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6 of 6 people found the following review helpful
on November 22, 2010
Format: PaperbackVerified Purchase
Eric Brose writes a truly objective narrative about the plight of the German East Asiatic Squadron lead by Vice Admiral Maximilian Graf von Spee. Eric's "novelistic" approach, while keeping factual with many citations from letters and memoirs from the combatants, makes this a compelling story.

In his afterword, Eric Brose suggests that the outcome of World War I might have been very different, had the German squadron successfully ambushed the British at anchor in the Falklands, and successfully rejoined the home fleet in German waters.

I thoroughly enjoyed reading this well researched book.
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3 of 3 people found the following review helpful
on August 2, 2011
Format: PaperbackVerified Purchase
a first class job telling the almost fatedness of two fleets one british one german. as if acting out the predermined plan of a savage sea god we see this greek tragedy unfold.We see bumbling heroism fatalism bouyant enthusiasm and the death of an era,,,,,,well done
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4 of 5 people found the following review helpful
on November 28, 2012
Format: PaperbackVerified Purchase
This book promises to share the story of a very interesting series of naval engagements during WWI. It delivers something...different. The book is billed as "novelistic history", so rather than scholarly nonfiction, the reader is presented with a text that includes long passages of first person narration by the characters (some of which are fictional hybrids of real people, the author is nice enough to mention this at the END), complete with conversations and internal monologues. However, it is seldom clear which character is narrating in a given a passage; this gives the book the feel of a fractured post-modern novel rather than a book of history.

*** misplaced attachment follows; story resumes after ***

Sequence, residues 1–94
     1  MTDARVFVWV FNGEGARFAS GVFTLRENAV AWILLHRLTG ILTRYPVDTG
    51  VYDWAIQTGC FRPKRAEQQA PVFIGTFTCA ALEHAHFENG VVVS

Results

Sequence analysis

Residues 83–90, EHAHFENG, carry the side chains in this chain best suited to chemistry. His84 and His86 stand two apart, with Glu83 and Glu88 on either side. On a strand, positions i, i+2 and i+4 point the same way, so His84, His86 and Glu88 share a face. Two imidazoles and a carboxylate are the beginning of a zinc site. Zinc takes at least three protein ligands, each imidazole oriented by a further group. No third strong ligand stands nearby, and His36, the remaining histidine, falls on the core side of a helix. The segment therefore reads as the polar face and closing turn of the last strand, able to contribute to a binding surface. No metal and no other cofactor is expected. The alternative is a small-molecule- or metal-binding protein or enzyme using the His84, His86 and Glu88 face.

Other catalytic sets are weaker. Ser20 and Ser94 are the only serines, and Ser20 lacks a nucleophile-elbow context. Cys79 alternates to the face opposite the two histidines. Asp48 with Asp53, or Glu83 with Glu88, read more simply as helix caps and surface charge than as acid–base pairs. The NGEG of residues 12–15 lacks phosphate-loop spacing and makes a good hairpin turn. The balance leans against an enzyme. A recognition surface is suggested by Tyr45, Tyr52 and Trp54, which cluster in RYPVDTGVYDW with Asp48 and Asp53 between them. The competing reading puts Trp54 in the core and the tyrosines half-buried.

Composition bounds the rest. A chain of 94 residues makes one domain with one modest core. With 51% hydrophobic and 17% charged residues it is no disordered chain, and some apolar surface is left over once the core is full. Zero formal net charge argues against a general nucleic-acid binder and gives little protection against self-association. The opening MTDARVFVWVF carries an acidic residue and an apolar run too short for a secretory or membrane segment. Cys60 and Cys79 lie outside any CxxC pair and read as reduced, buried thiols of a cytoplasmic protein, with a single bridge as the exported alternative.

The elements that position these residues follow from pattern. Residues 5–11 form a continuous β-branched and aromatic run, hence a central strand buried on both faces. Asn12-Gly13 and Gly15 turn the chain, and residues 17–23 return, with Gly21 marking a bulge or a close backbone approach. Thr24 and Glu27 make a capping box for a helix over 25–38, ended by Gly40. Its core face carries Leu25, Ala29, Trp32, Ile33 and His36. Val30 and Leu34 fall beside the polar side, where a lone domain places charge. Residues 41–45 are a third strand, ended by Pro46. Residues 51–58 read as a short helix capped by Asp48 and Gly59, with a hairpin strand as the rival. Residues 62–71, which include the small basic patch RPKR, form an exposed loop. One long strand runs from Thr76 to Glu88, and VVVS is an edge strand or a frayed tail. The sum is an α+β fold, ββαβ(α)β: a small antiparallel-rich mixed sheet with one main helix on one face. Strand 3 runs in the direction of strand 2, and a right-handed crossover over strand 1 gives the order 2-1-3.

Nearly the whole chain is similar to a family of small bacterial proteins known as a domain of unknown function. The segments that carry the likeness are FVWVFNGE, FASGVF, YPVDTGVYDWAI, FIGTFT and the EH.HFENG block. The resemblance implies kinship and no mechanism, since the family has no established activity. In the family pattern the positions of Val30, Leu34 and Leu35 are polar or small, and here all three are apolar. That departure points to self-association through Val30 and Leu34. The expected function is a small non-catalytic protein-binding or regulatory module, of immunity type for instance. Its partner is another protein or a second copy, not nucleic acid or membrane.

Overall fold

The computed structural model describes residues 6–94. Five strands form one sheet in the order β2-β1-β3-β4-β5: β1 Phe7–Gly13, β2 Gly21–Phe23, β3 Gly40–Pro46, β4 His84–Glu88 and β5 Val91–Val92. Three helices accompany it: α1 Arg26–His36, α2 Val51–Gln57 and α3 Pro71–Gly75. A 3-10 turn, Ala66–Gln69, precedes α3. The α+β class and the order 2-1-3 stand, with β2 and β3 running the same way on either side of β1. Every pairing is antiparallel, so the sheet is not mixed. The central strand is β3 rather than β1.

Much of the dialogue takes place between people who died during the events and as a result are largely conjectural (again the author mentions this at the end). In fact, it appears a large amount of the book is little but conjecture! Because so many of the principal actors died, the author took the liberty of presenting the reader with the dead men's thoughts and ideas as HE assumes them they were. Instead of quoting direct sources he merely supposes. The character of Captain Muller must be extraordinarily prescient as according to his "letter home" in 1917 he predicts the rise of fascist nationalism, the second world war, the arrival of "super weapons" (clearly nuclear weapons) and fears of these weapons falling into the hands of terrorists. The author's approach would probably be excellent for introducing young readers to a subject, but it is very disappointing to the adult reader.